PJ and I enjoy a variety of noodle dishes that have Asian origins, though I mostly favor pho and she prefers Vietnamese vermicelli plates. Shabu’s noodle offerings generally aren’t like these, though. There are plenty of seafood choices, with examples that include pork, beef or chicken. Lots of tasty bits for every palate. I think I’ll plump for the Singapore flat noodles next time, or the crisp-fried chicken.
This time, though, it was all about the hot-pot.
Shabu-Shabu starts with a pot of boiling broth in the center of the table, kept warm with gas, canned heat (jellied alcohol), or electricity. Since PJ hadn’t ever had this sort of meal before, we asked for samples of the broths. I wasn’t used to having a choice, actually; the places I’ve visited, you got whatever the broth was that day. At Shabu, there are four basic broths: Ma-La, which is spicy; Shiitake Mushroom, which is very mild and earthy; Herbal; and Tomato, which has a slight zest tingle with plenty of tomato flavor and aroma. We chose the mushroom for PJ’s introduction to shabu-shabu.
Hot-pot isn’t just about broth, though. Two more key elements are required: Items to cook in the broth, and dipping sauces to add seasoning and interest to the cooked food. We chose ribeye (their most popular choice), clear bean thread, baby bok choy and cauliflower as our ingredients. Three dipping sauces are provided: Asian BBQ (with a bit of shrimp paste in it); creamy garlic in sesame oil; and a variation on ponzu, whose ingredients I couldn’t determine (and the server wouldn’t reveal). All three of these sauces are tasty, though we didn’t use much of the barbeque one.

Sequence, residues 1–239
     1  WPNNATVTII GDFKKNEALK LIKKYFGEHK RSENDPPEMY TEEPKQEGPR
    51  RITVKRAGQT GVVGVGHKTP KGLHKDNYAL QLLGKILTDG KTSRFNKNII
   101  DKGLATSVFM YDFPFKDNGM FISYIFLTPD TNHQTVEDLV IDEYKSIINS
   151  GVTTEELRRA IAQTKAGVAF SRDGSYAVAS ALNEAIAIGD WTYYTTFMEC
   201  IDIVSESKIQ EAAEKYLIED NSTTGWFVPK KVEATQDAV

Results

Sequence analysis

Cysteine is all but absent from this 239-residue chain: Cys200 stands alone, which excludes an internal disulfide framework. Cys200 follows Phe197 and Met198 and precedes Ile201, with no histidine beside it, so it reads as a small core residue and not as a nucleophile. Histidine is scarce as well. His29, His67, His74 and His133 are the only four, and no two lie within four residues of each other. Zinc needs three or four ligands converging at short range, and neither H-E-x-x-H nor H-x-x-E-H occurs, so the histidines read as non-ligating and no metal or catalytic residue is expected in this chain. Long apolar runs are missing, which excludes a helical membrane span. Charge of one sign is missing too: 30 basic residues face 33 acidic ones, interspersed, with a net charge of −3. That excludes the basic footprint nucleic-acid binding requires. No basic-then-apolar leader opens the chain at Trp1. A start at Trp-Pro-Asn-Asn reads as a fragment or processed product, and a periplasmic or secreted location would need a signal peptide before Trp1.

Now the fun part: You get to play with your food! We started some cauliflower florets cooking, and a couple bits of bok choy, then we dropped a couple slices of ribeye into the broth. This ribeye was so thin you could almost read a newspaper through it, so it cooked in no time at all. The veggies took a bit longer, of course. From there, it was pick out what you wanted from the pot, and replenish whenever the contents seemed to get low. There was plenty of food, including bits of mushroom in the broth. We played, ate and otherwise had a fine time. I found a pot of chile oil on the table, so I could make my portion zesty while PJ kept hers mild. That’s one of the beautiful things about shabu-shabu: You cook in a common pot, but you can tailor the final flavor to fit your desires.
We had such a good time that we were reluctant to leave, even when all the food was gone and the dishes cleared. There wasn’t room for dessert this time, though. Suddenly PJ remembered her bicycle, so we settled up, thanked our servers and waddled hurried out to check on the bike order’s progress.
We’ll be back, perhaps fairly regularly, as we have a reason to be in the neighborhood at least once a month. Sure, there are plenty of eating choices on Anderson Lane nearby. However, none of them actually encourage you to make a game of dinner…
Shabu Hot Pot & Noodle Bar, 2700 Anderson Ln., Austin, Texas 78757. Phone 512.336.8888. Shabu-Shabu (Hot Pot), noodle dishes and other Asian specialties, for lunch, dinner or later in the evening, seven days a week. Chef-prepared food and outstanding service. Perfect for a romantic dinner or casual lunch.